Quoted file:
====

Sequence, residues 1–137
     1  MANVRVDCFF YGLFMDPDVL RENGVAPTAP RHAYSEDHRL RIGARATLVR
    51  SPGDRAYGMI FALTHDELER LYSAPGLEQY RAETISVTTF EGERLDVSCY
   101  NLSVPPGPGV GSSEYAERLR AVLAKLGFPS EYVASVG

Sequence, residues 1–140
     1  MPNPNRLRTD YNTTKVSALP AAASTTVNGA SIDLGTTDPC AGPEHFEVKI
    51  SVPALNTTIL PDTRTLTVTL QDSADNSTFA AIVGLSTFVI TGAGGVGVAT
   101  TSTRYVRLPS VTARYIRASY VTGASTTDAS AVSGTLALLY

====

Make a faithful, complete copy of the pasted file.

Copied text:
Sequence, residues 1–137
     1  MANVRVDCFF YGLFMDPDVL RENGVAPTAP RHAYSEDHRL RIGARATLVR
    51  SPGDRAYGMI FALTHDELER LYSAPGLEQY RAETISVTTF EGERLDVSCY
   101  NLSVPPGPGV GSSEYAERLR AVLAKLGFPS EYVASVG

Sequence, residues 1–140
     1  MPNPNRLRTD YNTTKVSALP AAASTTVNGA SIDLGTTDPC AGPEHFEVKI
    51  SVPALNTTIL PDTRTLTVTL QDSADNSTFA AIVGLSTFVI TGAGGVGVAT
   101  TSTRYVRLPS VTARYIRASY VTGASTTDAS AVSGTLALLY